China economy seen slowing as leaders gather for crucial party congress

As China’s leaders gather for a crucial party conference, the country is expected to announce some of its weakest quarterly growth numbers since 2020 on Tuesday, its economy being hampered by Covid restrictions and a housing crisis.
The figures for the third quarter will be unveiled along with a salvo of other economic indicators in the midst of the week-long political gathering that is expected to bring President Xi Jinping to a historic third term.
A panel of experts polled by AFP said they expected an average GDP increase of 2.5% from the July-September quarter of last year.
In the previous quarter, growth in the world’s second largest economy collapsed to just 0.4% year-on-year, the worst development since 2020.
The country recorded growth of 4.8% in the first quarter of 2022.
Many economists believe China will struggle to meet its growth target of around 5.5% this year, and the International Monetary Fund (IMF) has revised its GDP growth forecast to 3.2% for 2022 and 4.4% for 2023 lowered.
AFP’s panel of experts forecast average growth of 3% in 2022, a far cry from 8.1% in 2021.
That would be China’s weakest growth rate in four decades, excluding 2020 when the global economy was battered by the emergence of the coronavirus.
“The big policy challenge is accepting that the economy has reached a state of maturity that means growth numbers for the coming decade are likely to be permanently reset to the zero to 4.5% range,” said Clifford Bennett, chief economist at ACY Securities, to AFP.
Another factor that has had a huge impact is Beijing’s zero-Covid policy.
China is the latest of the world’s major economies to continue following the strategy mandating strict travel restrictions, mass PCR testing and mandatory quarantines.
It’s also about sudden and severe lockdowns – including by businesses and factories – that have halted production and weighed heavily on household consumption.
But despite the impact on the economy, “there is no clear sign of any significant easing of the zero-Covid strategy,” said Nomura’s Ting Lu, noting that the opposite has happened so far.
In the week leading up to the Chinese Communist Party (CCP) congress, state media have published several editorials warning that policies should not be relaxed, and officials have focused on outbreaks across the country with tightened containments over the past week fell.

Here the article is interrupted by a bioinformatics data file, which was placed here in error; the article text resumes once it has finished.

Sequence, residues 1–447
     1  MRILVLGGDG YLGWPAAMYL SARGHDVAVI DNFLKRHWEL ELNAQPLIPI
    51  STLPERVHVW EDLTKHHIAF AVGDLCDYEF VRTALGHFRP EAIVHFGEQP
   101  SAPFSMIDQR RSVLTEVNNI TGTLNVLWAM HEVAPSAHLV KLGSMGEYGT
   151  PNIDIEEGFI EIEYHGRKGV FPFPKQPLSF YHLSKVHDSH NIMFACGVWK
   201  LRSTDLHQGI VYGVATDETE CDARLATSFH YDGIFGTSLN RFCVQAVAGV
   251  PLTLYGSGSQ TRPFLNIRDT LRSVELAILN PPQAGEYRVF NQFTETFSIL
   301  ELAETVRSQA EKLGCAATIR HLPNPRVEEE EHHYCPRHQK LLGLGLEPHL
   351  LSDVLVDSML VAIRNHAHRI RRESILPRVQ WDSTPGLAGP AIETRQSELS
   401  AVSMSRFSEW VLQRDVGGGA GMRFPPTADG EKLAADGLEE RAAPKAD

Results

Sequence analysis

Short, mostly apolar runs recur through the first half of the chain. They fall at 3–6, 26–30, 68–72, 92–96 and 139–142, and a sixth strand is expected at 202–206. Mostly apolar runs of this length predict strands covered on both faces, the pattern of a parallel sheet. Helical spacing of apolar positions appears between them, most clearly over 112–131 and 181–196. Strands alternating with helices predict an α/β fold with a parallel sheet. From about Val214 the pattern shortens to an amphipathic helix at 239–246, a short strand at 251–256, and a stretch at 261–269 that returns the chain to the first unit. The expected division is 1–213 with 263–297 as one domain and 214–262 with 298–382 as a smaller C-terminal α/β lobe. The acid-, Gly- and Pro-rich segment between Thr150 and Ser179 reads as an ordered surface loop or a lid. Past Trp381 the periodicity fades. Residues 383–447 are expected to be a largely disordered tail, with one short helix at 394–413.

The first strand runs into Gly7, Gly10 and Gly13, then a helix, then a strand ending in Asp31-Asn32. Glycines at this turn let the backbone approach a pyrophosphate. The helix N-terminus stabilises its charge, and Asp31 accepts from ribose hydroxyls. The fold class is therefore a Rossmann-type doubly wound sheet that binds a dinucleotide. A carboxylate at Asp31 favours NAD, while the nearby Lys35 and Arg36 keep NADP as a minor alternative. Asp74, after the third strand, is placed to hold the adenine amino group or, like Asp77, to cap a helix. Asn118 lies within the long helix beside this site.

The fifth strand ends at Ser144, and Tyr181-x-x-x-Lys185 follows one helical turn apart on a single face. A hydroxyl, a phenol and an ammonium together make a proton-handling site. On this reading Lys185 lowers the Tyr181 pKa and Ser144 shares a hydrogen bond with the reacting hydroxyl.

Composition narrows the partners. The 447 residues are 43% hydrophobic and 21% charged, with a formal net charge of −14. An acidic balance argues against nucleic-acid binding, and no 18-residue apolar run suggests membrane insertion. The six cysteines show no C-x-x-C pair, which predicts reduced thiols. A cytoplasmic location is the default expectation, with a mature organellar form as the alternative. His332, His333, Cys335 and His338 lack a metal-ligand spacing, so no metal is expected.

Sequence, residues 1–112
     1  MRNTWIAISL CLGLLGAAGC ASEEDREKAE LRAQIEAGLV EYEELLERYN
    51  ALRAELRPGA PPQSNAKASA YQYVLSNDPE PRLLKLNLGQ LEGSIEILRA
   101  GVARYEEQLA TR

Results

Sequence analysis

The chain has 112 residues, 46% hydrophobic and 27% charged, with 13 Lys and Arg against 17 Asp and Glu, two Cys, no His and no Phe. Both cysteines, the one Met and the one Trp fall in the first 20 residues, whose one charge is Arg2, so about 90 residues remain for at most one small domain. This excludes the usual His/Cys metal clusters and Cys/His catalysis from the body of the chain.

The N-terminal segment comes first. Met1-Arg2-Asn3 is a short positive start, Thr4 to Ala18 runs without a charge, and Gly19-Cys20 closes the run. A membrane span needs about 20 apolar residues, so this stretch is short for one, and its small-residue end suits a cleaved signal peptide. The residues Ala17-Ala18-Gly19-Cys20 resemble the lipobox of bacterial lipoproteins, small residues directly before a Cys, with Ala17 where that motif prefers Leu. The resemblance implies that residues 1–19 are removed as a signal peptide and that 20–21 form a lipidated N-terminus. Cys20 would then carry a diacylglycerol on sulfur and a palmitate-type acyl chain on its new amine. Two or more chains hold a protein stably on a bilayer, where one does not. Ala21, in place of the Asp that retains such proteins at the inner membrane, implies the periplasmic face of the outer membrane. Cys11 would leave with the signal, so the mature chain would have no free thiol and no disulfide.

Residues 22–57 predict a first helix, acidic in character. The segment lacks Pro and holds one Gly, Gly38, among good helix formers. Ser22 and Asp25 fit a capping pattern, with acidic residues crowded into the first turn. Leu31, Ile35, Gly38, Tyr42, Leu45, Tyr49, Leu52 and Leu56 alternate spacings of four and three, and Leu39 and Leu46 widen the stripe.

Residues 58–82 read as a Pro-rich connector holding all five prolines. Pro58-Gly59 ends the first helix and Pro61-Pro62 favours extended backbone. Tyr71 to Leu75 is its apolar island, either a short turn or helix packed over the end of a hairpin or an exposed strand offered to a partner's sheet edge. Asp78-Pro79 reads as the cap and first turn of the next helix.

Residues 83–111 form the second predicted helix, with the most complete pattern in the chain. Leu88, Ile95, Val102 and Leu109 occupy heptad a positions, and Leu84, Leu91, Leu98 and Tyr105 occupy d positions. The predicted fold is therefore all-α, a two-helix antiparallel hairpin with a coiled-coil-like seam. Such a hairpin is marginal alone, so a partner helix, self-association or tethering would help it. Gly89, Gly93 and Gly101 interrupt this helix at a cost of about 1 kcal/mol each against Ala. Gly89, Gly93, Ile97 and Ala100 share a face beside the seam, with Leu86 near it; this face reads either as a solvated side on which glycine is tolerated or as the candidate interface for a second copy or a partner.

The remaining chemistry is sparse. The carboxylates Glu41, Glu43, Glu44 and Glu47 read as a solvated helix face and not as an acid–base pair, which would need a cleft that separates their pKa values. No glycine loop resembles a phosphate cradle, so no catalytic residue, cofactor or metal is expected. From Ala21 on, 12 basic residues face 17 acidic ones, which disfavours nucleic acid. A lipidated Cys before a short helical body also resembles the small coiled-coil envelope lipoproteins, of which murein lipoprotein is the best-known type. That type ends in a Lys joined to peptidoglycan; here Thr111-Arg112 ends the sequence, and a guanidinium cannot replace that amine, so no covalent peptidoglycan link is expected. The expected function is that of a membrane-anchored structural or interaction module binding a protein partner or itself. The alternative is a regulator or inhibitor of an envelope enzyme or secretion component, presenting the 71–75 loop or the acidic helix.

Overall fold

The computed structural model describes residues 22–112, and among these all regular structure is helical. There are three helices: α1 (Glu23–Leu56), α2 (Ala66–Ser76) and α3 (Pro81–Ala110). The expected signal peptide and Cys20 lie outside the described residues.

Some lockdown restrictions have returned to key financial hub Shanghai, leading some to fear a repeat of earlier this year when the city was shut down for two months.
Meanwhile, China is also grappling with an unprecedented crisis in its real estate sector – historically a driver of economic growth and representative of more than a quarter of the country’s GDP when combined with construction.
After years of explosive growth fueled by easy access to credit, Chinese authorities launched a crackdown on excessive debt in 2020.
Home sales are now declining across the country, leaving many developers in trouble and some owners refusing to pay their mortgages on unfinished homes.
Despite the struggles, according to Gavekal Dragonomics analyst Thomas Gatley, “many economic indicators have actually recovered quite well from the mass lockdowns of March and April.”
Auto sales remained strong in September, driven by strong demand for clean electric vehicles.
August exports rose 7.1% yoy and Beijing has invested in infrastructure to support activities.
“However, these pillars of growth are becoming increasingly fragile,” Gatley said.
And “the Chinese economy faces more fundamental problems” of transformation, sinologist Jean-Louis Rocca told AFP.
After decades of growth fueled by investment and exports, he said China “no longer wants to be the ‘factory of the world'” – instead it aspires to be a “modern economy” centered on new technologies and consumption – and the transition is still in progress.
Another concern for the CCP, which derives much of its political legitimacy from its economic success, is that this type of modern economy doesn’t create very many jobs, Rocca said — which has serious implications for China’s burgeoning middle class.

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